Jason Jaques’ (pronounced Jakes) bicyclepowered compost service, Drop in the Bucket, in Chico, works like this: Once you sign on, Jaques delivers you a five-gallon bucket with a paper bag liner. You dump your kitchen scraps into the bucket. A week later (or every other week, as you request), he returns to empty and wash out the bucket, leaving another paper bag liner. Pretty simple.
Each bucket of home food scraps adds a small drop to the big bucket of Jaques’ intention. He means to contribute to a closed loop community effort, food scraps from homes delivered to community gardens and composted there, compost used to feed the soil that grows vegetables for the community, vegetables distributed to feed the community—and the scraps again begin the loop. His clients’ food scraps go to compost piles at the Jesus Center community garden and at From the Ground Up for its many community gardens. Vegetables grown at the Jesus Center garden are served in meals to guests at the Center and go into its Harvesting Hope CSA, a biweekly box of vegetables, donations for which support the garden. Vegetables grown by From the Ground Up volunteers are distributed to local food shelters and food banks.
Jaques inherited Drop in the Bucket when the woman previously running the service moved out of town. He felt positioned to accept her offer that he take over. He worked construction at the time and had collected wood scraps from various building sites; these were awaiting the right project. Jaques found their use when he constructed the trailer he pulls behind his bike to carry the scraps. To learn the pick up process, he shadowed the young woman on her route of six or eight homes. Since then, says Jaques, “I’ve been side-swiped and amazed at how it took off. I met the right person after the right person after the right person.” Potential clients now contact him daily, thanks to word of mouth and organizations like Chico 350.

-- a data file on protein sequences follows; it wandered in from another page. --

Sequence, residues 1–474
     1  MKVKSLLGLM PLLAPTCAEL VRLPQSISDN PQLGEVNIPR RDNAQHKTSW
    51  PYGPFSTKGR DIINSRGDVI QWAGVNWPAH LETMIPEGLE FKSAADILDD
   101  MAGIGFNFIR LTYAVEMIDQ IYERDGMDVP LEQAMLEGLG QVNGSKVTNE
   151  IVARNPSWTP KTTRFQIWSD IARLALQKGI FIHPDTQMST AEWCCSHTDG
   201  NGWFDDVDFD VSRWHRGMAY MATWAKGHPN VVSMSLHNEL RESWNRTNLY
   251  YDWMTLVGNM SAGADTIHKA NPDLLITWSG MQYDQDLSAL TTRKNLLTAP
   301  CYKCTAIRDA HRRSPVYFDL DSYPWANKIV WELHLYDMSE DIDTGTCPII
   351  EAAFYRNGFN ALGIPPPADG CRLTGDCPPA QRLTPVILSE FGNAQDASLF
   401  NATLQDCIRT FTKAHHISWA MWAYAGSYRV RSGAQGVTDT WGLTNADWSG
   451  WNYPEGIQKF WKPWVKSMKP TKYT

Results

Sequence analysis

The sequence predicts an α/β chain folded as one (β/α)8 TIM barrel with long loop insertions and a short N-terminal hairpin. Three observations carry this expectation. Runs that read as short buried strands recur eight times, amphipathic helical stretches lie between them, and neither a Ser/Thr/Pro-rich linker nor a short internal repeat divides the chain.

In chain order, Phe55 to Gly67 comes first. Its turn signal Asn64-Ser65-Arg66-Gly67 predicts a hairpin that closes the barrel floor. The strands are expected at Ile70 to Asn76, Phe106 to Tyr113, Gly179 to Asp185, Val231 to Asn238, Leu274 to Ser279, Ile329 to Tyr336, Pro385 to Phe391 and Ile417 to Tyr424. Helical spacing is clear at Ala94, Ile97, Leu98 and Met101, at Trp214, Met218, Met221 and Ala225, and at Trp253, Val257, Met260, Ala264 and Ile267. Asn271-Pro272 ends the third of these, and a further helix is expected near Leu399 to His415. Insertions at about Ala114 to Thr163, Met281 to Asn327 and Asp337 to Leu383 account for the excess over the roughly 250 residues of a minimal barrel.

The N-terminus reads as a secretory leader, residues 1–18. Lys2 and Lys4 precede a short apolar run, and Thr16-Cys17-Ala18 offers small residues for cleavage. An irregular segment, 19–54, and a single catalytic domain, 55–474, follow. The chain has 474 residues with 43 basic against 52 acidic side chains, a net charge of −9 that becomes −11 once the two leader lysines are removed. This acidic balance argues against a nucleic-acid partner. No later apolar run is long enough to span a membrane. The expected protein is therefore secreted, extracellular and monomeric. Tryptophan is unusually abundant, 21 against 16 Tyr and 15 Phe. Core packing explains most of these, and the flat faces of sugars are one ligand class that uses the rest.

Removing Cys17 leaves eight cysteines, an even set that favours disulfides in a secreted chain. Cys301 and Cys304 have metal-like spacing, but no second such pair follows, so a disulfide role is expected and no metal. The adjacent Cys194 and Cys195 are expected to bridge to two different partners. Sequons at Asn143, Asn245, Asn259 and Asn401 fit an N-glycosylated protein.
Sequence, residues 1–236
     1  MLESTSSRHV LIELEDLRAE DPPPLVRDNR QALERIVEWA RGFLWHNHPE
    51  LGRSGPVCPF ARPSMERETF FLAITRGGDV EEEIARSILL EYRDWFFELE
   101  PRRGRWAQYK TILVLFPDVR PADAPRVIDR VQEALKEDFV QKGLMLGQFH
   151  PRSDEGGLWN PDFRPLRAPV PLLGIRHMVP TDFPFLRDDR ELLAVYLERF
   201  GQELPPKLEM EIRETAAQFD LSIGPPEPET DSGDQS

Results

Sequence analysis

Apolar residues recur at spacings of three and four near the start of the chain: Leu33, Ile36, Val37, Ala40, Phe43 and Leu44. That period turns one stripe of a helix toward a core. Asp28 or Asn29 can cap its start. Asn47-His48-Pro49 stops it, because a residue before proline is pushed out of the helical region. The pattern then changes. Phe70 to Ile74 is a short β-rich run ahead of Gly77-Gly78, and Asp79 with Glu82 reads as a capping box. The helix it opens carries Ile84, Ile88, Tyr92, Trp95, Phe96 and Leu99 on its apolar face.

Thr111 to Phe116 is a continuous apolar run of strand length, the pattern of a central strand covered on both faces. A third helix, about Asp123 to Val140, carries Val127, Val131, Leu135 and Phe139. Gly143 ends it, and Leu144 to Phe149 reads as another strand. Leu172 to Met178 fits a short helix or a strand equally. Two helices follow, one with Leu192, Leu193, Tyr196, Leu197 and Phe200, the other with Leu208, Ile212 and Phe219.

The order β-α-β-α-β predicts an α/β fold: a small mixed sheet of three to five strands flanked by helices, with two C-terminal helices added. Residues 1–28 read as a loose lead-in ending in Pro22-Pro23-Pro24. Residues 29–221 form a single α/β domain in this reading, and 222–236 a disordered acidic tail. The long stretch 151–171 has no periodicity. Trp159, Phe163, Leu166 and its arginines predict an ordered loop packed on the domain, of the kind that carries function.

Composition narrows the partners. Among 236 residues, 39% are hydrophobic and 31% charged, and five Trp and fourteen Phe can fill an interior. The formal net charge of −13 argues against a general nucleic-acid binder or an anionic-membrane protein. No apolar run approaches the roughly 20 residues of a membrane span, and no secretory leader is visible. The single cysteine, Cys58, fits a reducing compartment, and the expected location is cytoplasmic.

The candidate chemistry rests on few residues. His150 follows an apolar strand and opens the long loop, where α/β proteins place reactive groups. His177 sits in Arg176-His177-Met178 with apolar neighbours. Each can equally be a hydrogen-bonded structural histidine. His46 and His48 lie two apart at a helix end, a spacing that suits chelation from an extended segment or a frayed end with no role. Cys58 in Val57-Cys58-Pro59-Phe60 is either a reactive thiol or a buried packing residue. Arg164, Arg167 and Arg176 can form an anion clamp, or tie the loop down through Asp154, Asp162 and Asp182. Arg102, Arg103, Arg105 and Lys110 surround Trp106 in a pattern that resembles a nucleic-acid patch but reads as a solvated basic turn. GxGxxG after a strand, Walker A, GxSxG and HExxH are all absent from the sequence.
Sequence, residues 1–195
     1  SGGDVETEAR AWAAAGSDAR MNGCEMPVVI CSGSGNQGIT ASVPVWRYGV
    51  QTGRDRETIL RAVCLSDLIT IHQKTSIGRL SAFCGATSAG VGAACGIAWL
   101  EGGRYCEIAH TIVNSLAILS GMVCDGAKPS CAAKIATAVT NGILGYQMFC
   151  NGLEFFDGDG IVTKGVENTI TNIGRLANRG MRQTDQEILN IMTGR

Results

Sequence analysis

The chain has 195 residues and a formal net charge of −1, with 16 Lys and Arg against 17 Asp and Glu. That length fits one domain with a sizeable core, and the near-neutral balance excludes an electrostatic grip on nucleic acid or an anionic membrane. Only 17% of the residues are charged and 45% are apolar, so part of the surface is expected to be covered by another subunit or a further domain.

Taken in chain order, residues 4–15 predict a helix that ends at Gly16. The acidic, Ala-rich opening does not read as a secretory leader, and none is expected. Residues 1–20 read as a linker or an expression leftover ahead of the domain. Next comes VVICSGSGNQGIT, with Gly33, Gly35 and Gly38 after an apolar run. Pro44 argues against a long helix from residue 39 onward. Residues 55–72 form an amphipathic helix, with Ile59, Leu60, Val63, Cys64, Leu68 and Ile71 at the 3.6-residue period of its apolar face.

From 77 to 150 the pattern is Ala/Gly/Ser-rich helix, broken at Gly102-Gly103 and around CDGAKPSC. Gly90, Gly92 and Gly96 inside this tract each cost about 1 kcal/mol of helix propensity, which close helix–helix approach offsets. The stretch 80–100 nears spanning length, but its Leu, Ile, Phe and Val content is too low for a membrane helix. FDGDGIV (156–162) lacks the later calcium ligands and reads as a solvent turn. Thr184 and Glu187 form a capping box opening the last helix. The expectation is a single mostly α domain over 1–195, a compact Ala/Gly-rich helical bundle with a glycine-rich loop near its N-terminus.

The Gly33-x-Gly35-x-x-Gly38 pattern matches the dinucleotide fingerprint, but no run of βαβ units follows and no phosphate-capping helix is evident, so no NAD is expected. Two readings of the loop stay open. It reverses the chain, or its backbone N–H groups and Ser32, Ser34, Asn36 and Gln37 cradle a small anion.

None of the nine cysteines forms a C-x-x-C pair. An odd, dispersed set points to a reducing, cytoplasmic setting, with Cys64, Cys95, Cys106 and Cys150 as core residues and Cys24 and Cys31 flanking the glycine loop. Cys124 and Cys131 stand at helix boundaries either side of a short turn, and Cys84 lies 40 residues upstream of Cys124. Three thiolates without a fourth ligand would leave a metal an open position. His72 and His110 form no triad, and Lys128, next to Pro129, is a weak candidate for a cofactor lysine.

Most people who contract the service already know what to put in the bucket he delivers. “Sometimes I’ll suggest adding lint trap bunnies or the contents of their vacuum cleaner’s bag,” he says. Otherwise, it’s just pick up, clean out, and deliver. That and enjoy the networks he’s forming with like-minded people.
Currently, Jaques pedals twice a week, once through the Barber neighborhood—“Those food scraps don’t leave the neighborhood,” he brags; they are dropped at the Jesus Center garden. The second trip takes him and on a loop from Cal Park along the edge of Bidwell Park and over towards Palmetto Avenue. He has a couple more people building their own bike trailers, and once they finish, the additional pedal power will serve more homes.
If you want your home’s food scraps to get on the bike, phone or text Jason Jaques at 530.768.0961
Edible Shasta-Butte is the guide to local food, dining, and gardening in Northern California’s central valley from Butte County north to the Oregon border.